TALLAHASSEE, Fla. — The FBI on Friday arrested a Florida Army veteran on charges of plotting to violently disrupt protests at the state Capitol leading up to President-elect Joe Biden’s inauguration on Wednesday.
Daniel Baker, 33, wanted to encircle protesters at the state Capitol and confine them with guns, U. S. Attorney Lawrence Keefe and the FBI said. Baker, a former U.S. Army Airborne infrantryman who was kicked out of the service in 2007, had issued “a call to arms” seeking others to join the him on Sunday, according to a criminal complaint filed in U.S. District Court. Armed protests in opposition to the election results are planned for all 50 state capitals this weekend.
“This is an armed COUP and can only be stopped by an armed community!“ Baker wrote in a flyer posted online, the complaint alleges. “If you’re afraid to die fighting the enemy, stay in bed and live.”
The allegations: Baker, who lives in Tallahassee, had been working in recent days to identify rioters who joined the insurrection at the U.S. Capitol last week, the complaint alleges. “Yall better hope the cops find you before we do cuz I believe in torturing prisoners for information,“ he wrote in one post, the FBI said. “Yall better turn yourselves in cuz we dont intend to involve the cops.”
Baker, previously featured in a Vice News documentary, can be seen in You Tube videos with a variety of guns, including those with large magazines. He traveled across the U.S. in 2020 to participate in numerous protests, including joining the self-declared autonomous zone in the Capitol Hill neighborhood of Seattle, the complaint alleges.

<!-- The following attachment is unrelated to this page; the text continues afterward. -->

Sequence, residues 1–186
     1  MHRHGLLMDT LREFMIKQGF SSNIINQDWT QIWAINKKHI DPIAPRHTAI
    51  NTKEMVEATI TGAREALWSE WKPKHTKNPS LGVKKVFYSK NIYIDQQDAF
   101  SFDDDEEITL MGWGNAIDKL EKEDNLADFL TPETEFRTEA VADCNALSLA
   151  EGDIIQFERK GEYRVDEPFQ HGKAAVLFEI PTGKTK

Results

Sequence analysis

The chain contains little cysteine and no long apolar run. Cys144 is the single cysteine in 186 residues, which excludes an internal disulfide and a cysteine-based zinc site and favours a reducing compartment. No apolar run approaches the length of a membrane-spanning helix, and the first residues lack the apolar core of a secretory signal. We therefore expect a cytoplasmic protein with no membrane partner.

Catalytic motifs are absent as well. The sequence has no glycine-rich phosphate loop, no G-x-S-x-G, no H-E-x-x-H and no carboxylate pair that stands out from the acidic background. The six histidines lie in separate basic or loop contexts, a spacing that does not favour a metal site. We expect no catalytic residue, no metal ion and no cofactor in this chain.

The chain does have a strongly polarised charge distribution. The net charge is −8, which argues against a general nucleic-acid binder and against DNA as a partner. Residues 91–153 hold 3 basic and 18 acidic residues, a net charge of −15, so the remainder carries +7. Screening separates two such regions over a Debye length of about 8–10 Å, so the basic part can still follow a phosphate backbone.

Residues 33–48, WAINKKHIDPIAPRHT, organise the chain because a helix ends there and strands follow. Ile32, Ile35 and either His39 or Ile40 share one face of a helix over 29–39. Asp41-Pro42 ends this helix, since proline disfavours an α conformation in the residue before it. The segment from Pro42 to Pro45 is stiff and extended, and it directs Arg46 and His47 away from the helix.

In 2017, Baker joined the People’s Protection Units, a group fighting in Syria against ISIS and the Turkish government. People’s Protection Units is designated by the U.S. government as a “foreign terrorist organization.“
The arrest: Baker was arrested Friday morning without incident with help from Tallahassee police and the Florida Department of Law Enforcement. He was charged with transmitting an interstate communication “containing a threat to kidnap any person or threat to injure the person of another.“
“Extremists intent on violence from either end of the political and social spectrums must be stopped, and they will be stopped,” Keefe said in a statement. “We will not stop in our efforts to detect, deter, and disrupt anyone else planning to incite or commit violence.”
What’s next: In a statement Friday, Tallahassee Mayor John Dailey urged Gov. Ron DeSantis to deploy National Guard troops in the city this weekend, saying “we cannot risk being underprepared for the potential threat posed by those who wish to attack the citadel of democracy in our state and who may have been emboldened by the events of last week.“
“I am hopeful that we don’t experience any violence in the capital city this weekend or next week, but hope is not a plan and so we must remain vigilant and be prepared,” Dailey said.
Tallahassee City Hall and the Leon County Courthouse will be closed next week through Inauguration Day because of concerns about possible violence involving the inauguration. State legislative leaders have told House and Senate members and their aides to avoid the state Capitol on Sunday. DeSantis has said violent protests will not be tolerated.
“If anything is disorderly, we’re going to act very quickly,” the Republican governor said earlier this week. “If there’s any type of disorder, we’ll have the reinforcements there.”
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